Spotlight Exclusives

A Crucial Election for America and Its Poor, by Tom Freedman and John Bridgeland

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We still don۪t know who will win tomorrow۪s presidential and congressional races, but there is a growing consensus among liberals, moderates, and conservatives thatno matter who winsthis may be the most important election in a generation. This is especially true for the poor and those at risk of becoming poor. Given the country۪s precarious financial state, the fundamental well-being of millions of Americansalong with their ability to pursue a better lifemay depend on the actions of our next president and congress. In an election taking place during a turbulent, dangerous time in our history, those who have the least have the most at stake. <?xml:namespace prefix = o ns = “urn:schemas-microsoft-com:office:office” />

<?xml:namespace prefix = st1 ns = “urn:schemas-microsoft-com:office:smarttags” />America۪s recent economic downturn has shed light on the struggles of impoverished Americans while threatening the basic financial security of millions more. Already, 37.3 million Americans live in poverty, with the poorest 10% earning an average of $5,800 a year. Prices of essential items like food have risen 6.2%, forcing poor and low-income Americans to spread scant resources even thinner and threatening to swell the ranks of those below the poverty line.


Along with increasing costs is a rapidly declining job market. 6.1% of Americans were unemployed in September, a significant increase from the 4.7% who were out of work at the same time last year, and this month saw the most layoffs since the economic downturn that followed 9/11. Americans who want work but have become discouraged and given up trying to find it have increased by 70%. Accounting for those who can find only low-paying, part-time work, more than 10% of the American workforce is unemployed or underemployed, a historic and disturbing level. Joblessness is only expected to worsen as repercussions of the Wall Street crisis are felt throughout the economy. And in times like these, the poor and those at risk of becoming poor suffer the most: those with little experience and low-skilled jobs are often the nation۪s most expendable employees; they are the first to be fired and the last to find new employment.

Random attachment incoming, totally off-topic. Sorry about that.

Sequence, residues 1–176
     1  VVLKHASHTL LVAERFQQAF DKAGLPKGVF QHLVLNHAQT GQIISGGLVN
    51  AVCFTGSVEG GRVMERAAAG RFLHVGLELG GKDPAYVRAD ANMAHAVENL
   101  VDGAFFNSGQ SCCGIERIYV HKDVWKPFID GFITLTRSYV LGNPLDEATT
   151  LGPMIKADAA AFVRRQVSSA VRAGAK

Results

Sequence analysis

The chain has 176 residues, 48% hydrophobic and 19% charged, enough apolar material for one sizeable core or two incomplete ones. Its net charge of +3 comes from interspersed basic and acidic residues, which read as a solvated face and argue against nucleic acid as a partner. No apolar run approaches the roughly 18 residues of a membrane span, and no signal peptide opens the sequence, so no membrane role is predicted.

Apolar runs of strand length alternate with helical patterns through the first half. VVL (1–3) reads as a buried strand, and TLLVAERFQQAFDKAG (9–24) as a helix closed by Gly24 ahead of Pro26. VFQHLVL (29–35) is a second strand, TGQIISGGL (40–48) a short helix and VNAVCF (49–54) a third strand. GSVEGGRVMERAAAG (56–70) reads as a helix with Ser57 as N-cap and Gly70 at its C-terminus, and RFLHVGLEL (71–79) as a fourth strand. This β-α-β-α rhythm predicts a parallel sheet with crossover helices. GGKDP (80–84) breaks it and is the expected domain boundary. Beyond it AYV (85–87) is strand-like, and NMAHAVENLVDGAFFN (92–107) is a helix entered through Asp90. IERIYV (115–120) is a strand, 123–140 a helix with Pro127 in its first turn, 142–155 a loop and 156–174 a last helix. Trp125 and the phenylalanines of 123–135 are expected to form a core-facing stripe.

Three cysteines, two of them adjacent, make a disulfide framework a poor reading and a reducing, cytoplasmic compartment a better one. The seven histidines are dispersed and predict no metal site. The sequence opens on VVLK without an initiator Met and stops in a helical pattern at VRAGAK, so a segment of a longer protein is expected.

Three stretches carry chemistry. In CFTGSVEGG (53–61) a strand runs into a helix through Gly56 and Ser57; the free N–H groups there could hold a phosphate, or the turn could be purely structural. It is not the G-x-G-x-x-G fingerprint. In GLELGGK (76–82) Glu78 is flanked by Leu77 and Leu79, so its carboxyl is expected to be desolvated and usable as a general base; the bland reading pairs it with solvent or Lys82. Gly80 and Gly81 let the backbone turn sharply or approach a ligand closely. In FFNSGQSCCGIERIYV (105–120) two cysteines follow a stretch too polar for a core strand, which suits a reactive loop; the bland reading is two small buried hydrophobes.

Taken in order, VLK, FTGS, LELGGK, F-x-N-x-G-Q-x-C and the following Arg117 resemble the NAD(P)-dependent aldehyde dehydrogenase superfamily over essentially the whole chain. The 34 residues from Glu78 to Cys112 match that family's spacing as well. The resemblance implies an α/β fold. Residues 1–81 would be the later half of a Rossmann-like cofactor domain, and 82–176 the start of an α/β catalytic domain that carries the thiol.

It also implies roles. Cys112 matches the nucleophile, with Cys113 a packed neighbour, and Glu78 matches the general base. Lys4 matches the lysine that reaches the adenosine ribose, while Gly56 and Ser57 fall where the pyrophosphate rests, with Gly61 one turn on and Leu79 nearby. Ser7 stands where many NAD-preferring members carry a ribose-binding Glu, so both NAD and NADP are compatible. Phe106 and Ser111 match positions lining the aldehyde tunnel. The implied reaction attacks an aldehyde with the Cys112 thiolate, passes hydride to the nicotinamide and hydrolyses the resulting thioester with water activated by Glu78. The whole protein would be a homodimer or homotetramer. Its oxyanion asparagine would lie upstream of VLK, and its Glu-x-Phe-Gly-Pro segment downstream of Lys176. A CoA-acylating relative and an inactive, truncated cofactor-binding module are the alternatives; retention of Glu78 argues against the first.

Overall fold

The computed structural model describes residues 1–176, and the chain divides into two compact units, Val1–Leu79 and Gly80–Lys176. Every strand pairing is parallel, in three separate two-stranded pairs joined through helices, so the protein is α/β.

In an economy where so many Americans cannot afford a prolonged recession and desperately need long-term, fundamental economic solutions44% of employees are relying on their next paycheck to make ends meet, and 48% of American households posses under $5,000 in liquid assetsthe dangerous conditions surrounding this election threaten the basic financial security of millions. With rising prices, a desperate credit crunch, and an economy losing jobs fast, millions more Americans will find it harder and harder to pay basic bills, let alone pursue their dreams. The poor are in serious danger from the current financial crisis, and a staggering number of citizens are at risk of becoming impoverished.


There are real ideological differences between the candidates, and the choices that are made over the next four years will matter: what to do about taxes, spending, support for non-profits, health care, and job training are just a few crucially important decisions. But at root, the next president will be called to make a commitment to the poor and those struggling to make it. If the next president puts a focus on building opportunity for all, the key policy questions will be manageable. WeDemocrat and Republicanbelieve a powerful majority will support the president if he leads a new common-sense, effective effort making fighting poverty a top priority.


Our next government is facing a poverty crisis. It is an issue critical to the well-being of not only millions of individual citizens but to the prosperity and the character of our nation as a whole. November 4th is a crucial election, and whoever wins it will face tremendous challenges and great responsibilities.





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